In this case the swelling of abdomen and of feet was great No other remedy was used for the dropsical symptoms but Apis, and they entirely disappeared.

CASE IX. John Dakenheart, aged five and a half.

March 13th. Eruption. Puls. 30. — 31st. Yesterday had tympanitic distension of abdomen; pain in abdomen. Cham. 30 was given. Continued same. — April 2nd. Swelling of face. Apis. 1. — 3rd. Less swelling of face. Apis 1

Edema of face gradually disappeared under Apis 1, and after the 6th inst of Apis 30. He was rather drowsy most of the time. On the 15th, inst., he appeared well, and Hep. 30 was given as was our rule to all the convalescents from Scarlatina.

CASE X. Kitty Goverment, aged six and a half.

March 18th. Fever; red eruption. Bell. 30.

Her attack must have been slight, as no further record was recorded.

April 4th. I record, was up day before yesterday; edema of eyelids pulse 92. Dr. Bowers' gave her Acon. 30. last night. Apis 1. — 5th. Red erysipelatous looking eruption on cheeks and nose; edema of face; pulse 96; Apis. — 6th. edema of face. Apis 30. — 7th. Feels well pulse 76. Apis 30.

Same condition and treatment until 12th, when Hep. 30 was substituted. On the 13th the urine was of a very deep brown color, appeared almost black; pulse 96. Hep. 30 was continued till the 15th, at this date, increased swelling of face was observed; respiration was short and she was inclined to sleep; pulse 100. Apis 1.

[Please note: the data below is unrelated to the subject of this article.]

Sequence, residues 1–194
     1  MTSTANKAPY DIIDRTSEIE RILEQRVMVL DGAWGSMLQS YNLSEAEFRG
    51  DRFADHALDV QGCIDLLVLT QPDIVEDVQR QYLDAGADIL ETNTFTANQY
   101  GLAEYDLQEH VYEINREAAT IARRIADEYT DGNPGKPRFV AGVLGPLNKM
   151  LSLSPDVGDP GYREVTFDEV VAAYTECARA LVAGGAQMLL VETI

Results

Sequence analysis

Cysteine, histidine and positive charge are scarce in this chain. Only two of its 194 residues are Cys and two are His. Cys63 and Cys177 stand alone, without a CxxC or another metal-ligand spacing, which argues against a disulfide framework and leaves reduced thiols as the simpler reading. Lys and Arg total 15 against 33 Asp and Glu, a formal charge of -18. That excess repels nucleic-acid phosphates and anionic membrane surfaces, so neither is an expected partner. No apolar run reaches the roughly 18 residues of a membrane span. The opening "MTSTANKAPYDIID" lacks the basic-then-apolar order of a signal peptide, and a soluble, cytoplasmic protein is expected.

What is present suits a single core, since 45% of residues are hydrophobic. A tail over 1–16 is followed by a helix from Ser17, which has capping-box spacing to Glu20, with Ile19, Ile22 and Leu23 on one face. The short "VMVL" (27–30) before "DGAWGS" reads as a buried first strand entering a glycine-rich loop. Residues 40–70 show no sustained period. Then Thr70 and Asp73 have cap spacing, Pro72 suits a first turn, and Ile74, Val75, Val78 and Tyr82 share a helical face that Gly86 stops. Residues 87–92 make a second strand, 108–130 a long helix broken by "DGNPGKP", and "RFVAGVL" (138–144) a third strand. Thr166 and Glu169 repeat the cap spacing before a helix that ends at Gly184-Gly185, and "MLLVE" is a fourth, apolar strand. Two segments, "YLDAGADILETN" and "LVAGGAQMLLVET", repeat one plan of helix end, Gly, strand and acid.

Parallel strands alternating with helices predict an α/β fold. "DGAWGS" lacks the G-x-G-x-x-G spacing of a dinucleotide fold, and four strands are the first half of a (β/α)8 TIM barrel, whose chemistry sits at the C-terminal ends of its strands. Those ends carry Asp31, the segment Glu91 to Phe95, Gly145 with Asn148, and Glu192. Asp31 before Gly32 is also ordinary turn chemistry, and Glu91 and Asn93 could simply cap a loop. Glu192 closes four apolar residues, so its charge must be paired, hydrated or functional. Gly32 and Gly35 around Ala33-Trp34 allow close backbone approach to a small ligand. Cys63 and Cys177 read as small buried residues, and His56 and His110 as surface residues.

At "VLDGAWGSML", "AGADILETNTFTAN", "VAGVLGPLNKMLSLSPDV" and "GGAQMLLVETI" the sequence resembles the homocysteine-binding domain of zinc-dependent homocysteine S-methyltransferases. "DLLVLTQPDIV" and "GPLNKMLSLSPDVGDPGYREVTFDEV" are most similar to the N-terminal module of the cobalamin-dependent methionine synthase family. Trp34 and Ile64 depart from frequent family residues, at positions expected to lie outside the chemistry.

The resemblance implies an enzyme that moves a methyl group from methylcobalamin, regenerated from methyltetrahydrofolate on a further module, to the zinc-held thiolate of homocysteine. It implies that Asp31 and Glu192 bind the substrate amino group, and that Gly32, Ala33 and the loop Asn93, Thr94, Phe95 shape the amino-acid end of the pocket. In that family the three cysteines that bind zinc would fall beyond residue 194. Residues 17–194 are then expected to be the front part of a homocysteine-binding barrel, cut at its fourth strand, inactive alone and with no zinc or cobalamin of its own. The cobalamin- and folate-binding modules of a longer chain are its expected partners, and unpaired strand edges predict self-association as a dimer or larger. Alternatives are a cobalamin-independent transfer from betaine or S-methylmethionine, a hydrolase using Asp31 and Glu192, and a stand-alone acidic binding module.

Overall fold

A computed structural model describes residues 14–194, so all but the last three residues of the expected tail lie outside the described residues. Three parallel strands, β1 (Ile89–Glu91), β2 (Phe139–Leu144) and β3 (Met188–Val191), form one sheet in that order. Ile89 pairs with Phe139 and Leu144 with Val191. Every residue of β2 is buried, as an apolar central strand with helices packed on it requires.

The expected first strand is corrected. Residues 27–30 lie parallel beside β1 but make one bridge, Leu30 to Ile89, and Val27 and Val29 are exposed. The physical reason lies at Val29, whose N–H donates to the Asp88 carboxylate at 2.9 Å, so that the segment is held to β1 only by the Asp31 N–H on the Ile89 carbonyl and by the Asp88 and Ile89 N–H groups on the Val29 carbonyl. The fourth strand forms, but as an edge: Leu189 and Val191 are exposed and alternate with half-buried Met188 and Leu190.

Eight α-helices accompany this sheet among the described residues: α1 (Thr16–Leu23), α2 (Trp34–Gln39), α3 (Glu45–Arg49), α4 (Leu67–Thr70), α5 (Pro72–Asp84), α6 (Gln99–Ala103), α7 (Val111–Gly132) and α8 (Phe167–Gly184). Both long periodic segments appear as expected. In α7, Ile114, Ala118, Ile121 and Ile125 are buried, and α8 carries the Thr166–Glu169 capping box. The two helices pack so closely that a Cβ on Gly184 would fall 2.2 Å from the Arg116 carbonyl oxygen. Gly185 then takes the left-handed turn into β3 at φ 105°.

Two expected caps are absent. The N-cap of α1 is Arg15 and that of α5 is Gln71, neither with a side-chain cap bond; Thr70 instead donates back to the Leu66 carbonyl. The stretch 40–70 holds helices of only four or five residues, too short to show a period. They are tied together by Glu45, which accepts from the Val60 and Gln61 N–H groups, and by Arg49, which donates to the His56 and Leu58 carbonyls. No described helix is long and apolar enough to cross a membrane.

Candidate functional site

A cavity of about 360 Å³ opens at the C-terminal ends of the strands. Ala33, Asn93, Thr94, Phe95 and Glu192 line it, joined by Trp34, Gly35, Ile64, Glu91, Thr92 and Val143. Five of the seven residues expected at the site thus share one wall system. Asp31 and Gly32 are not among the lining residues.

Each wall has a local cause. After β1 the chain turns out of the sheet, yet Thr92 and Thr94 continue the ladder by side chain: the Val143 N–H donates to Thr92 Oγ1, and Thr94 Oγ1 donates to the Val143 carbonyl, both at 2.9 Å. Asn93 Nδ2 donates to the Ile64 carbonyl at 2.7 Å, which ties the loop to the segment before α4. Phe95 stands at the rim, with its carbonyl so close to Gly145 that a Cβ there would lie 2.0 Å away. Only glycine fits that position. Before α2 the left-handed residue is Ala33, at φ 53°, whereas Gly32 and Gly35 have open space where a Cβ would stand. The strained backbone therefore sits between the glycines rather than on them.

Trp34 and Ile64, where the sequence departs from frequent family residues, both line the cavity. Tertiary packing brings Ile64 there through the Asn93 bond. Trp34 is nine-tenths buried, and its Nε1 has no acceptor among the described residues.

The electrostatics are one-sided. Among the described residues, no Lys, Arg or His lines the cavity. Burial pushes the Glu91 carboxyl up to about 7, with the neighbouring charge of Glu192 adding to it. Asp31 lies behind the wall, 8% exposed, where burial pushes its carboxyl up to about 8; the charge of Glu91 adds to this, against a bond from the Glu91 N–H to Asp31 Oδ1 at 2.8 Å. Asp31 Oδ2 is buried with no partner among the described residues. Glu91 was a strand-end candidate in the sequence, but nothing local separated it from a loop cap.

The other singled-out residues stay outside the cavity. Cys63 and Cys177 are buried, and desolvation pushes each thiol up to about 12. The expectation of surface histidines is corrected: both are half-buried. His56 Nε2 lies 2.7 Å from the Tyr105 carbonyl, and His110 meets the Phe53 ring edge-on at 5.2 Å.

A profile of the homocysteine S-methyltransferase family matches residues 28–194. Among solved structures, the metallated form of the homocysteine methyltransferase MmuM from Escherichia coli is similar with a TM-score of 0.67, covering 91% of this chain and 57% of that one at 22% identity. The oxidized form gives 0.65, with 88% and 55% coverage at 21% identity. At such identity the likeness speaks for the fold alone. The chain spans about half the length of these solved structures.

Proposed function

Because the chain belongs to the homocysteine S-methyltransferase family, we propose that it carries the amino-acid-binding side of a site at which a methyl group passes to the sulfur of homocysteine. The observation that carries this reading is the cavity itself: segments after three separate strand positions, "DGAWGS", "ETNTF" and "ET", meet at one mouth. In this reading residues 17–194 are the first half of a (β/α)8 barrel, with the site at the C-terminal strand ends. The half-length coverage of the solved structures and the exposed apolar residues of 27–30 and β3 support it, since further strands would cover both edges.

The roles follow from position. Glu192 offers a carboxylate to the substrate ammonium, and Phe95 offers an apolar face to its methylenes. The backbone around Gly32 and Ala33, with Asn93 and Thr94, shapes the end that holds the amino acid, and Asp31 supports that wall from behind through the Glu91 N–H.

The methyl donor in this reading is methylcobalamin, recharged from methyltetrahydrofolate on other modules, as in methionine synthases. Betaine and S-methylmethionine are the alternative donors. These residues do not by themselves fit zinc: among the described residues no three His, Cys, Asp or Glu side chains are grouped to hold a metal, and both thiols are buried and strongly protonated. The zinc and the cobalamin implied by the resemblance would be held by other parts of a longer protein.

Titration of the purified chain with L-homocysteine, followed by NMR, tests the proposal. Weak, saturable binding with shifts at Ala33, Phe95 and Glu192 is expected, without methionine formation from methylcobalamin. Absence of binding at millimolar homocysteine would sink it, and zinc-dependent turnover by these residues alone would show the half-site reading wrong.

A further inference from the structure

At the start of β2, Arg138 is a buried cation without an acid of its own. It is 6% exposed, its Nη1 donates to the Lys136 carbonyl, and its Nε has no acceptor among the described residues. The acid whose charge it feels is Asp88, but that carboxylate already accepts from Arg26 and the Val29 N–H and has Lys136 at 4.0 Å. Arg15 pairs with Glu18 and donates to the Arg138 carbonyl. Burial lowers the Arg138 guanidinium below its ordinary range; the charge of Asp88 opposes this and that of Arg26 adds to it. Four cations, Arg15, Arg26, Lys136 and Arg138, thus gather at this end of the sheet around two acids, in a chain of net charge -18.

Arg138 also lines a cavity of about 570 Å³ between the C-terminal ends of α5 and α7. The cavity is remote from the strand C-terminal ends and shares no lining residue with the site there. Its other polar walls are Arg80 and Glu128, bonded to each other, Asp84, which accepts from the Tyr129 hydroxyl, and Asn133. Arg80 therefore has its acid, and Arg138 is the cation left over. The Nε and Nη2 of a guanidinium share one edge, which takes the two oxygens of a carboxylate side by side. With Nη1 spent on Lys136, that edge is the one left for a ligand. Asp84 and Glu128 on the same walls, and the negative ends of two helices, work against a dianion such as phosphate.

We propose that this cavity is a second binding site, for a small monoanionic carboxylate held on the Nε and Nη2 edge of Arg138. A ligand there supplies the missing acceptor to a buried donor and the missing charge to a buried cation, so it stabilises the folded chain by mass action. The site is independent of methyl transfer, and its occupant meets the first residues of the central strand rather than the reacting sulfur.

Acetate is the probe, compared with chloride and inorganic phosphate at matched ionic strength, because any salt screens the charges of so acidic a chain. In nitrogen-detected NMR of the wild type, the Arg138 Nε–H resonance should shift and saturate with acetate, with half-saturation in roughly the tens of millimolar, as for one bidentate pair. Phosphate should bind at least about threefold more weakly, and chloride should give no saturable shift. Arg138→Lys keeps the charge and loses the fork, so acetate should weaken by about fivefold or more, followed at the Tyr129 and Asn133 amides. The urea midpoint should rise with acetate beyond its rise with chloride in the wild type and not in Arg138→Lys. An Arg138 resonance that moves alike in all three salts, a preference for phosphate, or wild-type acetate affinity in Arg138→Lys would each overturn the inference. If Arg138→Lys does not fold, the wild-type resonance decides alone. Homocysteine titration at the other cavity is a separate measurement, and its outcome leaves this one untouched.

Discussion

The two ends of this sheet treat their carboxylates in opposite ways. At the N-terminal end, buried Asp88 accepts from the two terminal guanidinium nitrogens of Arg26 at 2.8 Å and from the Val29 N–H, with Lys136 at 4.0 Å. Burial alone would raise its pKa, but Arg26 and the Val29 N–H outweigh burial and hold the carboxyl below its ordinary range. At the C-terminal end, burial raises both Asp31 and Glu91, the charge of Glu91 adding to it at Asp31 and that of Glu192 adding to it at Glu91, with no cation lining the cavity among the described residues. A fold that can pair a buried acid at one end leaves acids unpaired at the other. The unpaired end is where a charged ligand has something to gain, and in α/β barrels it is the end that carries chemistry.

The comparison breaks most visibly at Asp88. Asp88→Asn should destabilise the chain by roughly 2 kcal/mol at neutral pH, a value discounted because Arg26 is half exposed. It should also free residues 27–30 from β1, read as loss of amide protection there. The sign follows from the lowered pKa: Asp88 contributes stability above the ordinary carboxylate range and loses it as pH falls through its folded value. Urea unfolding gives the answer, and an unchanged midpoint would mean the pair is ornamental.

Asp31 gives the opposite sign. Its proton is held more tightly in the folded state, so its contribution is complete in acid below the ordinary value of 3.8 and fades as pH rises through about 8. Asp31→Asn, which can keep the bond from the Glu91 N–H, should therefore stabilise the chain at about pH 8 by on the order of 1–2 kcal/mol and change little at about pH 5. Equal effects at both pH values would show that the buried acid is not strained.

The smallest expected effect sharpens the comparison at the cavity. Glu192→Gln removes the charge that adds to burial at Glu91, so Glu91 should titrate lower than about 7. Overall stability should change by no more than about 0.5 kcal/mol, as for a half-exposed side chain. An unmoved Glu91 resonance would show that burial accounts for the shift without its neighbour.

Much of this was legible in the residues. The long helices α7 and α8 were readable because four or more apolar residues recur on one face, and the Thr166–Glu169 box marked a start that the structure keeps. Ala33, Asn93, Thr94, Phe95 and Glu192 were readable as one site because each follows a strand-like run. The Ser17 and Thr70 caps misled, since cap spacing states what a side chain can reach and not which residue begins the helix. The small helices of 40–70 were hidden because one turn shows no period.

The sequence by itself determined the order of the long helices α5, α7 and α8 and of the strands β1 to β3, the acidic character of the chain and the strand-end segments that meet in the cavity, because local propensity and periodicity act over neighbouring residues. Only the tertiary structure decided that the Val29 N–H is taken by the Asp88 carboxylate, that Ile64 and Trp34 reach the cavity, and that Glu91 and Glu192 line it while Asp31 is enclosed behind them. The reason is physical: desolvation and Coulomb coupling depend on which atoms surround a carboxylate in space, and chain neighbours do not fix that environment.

16th. Feels well; pulse 92. Apis 30. — 17th. Was feverish and had frequent loose cough during night. Acon. 30 and Bell. 30. — 19th. Pulse 126, small; doing well. Acon. 30 and Bell. 30.

On the 21st had greenish vomiting, for which Verat. 30 was given with good effect; afterwards only Hep. 30 was given.

CASE XI. John Carrew, aged ten.

Mar. 24th. Red eruption; vomiting. Bell. 30. — 26th. Dropsy. Ars. 30. — 27th. Cheeks red and swollen; eruption of blotches on chest; no sore-throat.

Examined a specimen of urine; color normal. Albumen was precipitated copiously both by heat and Nitric acid. With the microscope found abundant epithelium and mucus; some quite large globules were seen, in which no granular structure could be distinguished. I could not detect any blood globules. Apis 1.

March 28th. Not so much swelling of face; no redness. Apis 1. — 29th. Face less puffed; feels better; slight fluctuation of abdomen; dulness of left chest; pulse 62. Apis 1. — April 2nd. Better. Apis 1.

Convalesced rapidly. On the 18th instant, had head-ache and ear-ache, which were relieved by Puls. 30, at this time his pulse was 94

CASE XII George Welsh, aged ten.

March 24th. Red eruption; vomiting. Bell. 30. Attack was very slight. Did not go to bed.